- Louis Pasteur developed the technique that is now known as pasteurization. It was first used in the wine-producing regions of France, and eventually in dairy products like milk.
- Pasteur also investigated infectious disease. During one experiment, Pasteur’s lab assistant accidentally infected chickens with a weakened form of cholera. When none of the chickens died, Pasteur re-infected them with a stronger strain. This time, none of the chickens became sick because they had been inoculated against the disease. This experiment paved the way for modern vaccination.
References: Smith KA. Louis Pasteur, the Father of Immunology? Frontiers in Immunology. 2012;3:68. doi:10.3389/fimmu.2012.00068.
Run Time: 3 minutes
Author: Christopher Holmes M.D.
- In the chapter on altered mentation in a 1966 pamphlet on handling emergency medical situations, the number one suspicion of altered mental status was toxic substance ingestion.
- The key suspects for toxic ingestion at that time were benzodiazepines and bromide toxicity. They specifically state in the pamphlet that opiods are rarely a cause for altered mentation.
- Bromide was commonly used in the 18th and 19th century as a headache remedy and sedative. Until the 1970s, bromo-seltzer was used for headaches before being withdrawn from the market. Bromide is currently used to treat epilepsy in dogs and in Germany.
- Reportedly, bromide was given to the British soldiers of WW I and people with epilepsy during Victorian times to decrease their sexual drive. Epilepsy was believed to be caused by masturbation, during the Victorian age, and therefore decreasing sexual drive decreased seizure activity.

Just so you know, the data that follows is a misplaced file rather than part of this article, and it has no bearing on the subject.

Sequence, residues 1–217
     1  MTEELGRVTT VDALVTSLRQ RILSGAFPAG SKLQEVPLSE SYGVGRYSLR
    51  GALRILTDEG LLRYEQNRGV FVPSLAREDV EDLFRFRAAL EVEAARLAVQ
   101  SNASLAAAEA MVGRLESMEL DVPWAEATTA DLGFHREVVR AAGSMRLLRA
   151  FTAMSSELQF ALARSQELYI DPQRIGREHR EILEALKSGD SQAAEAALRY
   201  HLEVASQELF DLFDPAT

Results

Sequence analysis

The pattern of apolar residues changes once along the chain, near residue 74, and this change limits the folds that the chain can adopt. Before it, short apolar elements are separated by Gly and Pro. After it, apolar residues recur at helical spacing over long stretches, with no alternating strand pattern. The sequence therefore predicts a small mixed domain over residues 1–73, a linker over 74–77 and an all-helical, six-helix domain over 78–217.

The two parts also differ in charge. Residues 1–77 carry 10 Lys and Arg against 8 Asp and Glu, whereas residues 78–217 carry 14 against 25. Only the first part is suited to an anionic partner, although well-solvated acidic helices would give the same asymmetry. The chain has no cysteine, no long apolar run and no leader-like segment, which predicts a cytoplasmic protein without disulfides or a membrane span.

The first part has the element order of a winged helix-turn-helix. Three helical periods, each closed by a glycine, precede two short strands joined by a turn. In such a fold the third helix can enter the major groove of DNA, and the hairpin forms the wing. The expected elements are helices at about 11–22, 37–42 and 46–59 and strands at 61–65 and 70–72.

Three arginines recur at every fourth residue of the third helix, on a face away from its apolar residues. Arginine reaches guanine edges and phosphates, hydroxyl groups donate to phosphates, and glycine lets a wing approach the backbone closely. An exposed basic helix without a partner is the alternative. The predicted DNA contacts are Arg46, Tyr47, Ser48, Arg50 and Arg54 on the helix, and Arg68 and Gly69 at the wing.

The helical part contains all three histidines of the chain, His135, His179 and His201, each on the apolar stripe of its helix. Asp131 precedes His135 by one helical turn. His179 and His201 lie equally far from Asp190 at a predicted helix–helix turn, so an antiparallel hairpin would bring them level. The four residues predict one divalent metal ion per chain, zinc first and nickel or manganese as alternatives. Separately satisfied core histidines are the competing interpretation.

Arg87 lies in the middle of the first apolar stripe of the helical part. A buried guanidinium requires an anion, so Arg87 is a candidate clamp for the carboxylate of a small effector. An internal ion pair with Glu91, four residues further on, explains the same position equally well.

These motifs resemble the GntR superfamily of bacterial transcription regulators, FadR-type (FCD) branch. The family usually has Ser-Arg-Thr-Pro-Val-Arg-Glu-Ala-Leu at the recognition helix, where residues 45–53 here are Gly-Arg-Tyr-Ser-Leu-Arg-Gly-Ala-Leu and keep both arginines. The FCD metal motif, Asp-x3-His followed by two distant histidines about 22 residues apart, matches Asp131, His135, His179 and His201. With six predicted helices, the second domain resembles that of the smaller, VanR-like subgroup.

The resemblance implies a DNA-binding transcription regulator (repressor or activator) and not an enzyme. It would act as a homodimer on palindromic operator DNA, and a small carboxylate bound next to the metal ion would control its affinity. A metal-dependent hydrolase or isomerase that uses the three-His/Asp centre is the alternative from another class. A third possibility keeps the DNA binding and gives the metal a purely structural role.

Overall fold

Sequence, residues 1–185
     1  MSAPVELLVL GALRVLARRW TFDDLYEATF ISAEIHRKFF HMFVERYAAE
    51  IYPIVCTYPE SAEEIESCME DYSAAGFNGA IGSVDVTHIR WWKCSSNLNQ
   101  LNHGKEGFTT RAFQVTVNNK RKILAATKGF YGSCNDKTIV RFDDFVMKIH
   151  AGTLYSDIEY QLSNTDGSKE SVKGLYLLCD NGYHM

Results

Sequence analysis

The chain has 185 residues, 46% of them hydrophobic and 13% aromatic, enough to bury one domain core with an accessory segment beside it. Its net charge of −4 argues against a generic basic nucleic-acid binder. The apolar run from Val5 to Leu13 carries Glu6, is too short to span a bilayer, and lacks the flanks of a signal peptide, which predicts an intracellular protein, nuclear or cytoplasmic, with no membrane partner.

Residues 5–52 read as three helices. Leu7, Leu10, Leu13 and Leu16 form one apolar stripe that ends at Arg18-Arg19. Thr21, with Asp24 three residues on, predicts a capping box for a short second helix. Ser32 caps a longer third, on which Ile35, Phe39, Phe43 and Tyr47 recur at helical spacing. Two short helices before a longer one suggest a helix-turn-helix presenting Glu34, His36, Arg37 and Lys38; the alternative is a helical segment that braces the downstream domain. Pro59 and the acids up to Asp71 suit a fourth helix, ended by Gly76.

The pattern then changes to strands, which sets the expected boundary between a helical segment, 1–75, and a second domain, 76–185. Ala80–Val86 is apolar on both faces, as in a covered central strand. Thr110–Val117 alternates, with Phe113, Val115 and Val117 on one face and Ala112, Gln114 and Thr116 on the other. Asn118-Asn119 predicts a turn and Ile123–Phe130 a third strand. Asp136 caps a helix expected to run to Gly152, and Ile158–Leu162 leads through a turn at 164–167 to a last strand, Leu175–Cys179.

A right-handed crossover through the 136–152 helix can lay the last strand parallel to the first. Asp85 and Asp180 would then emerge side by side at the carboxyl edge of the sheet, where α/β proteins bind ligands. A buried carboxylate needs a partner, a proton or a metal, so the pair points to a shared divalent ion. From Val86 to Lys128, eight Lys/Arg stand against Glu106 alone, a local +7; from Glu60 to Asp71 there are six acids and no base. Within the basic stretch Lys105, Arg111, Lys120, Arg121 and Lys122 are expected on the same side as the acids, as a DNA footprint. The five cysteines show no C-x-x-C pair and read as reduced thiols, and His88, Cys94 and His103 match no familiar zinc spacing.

- The half-life of bromide is 12.5 days, so chronic use leads to bromism. 5-7% of psych admissions were due to bromism caused by the chronic use of bromide. The maximum daily recommended dose of bromide is 0.5 to 1 gram per day to avoid toxicity. In the 1960s, typical doses were between 3-5 grams per day.
- Symptoms include somnolence, psychosis, seizures, delirium, headache, fatigue, ataxia, memory loss, restlessness, irritability, and hallucinations.
- The treatment is a fluid flush and salt load the patient.
Link to Podcast: http://medicalminute.madewithopinion.com/bromide-toxicity-1966/
Run Time: 3 minutes
Author: Dylan Luyten M.D.
- Scurvy is a terrible disease caused by vitamin C deficiency. Causes failure of collagen synthesis and breakdown of connective tissue, and ultimately, death.
- British sailors were called “Limeys” because of the practice of taking limes to prevent scurvy.
- James Lind is notable in the history of medicine because he conducted the first clinical trial in 1747 and proved that citrus fruit cure scurvy.
- Interestingly, he did not understand how vitamin C actually cured scurvy. The concept of “vitamins” did not exist at the time, and he and the rest of the medical profession at the time thought that scurvy was a result of poor hygiene and food “putrifaction”, and that the citrus had an antiseptic function. Just goes to show that you don’t have to understand how something works to know, and prove, it works!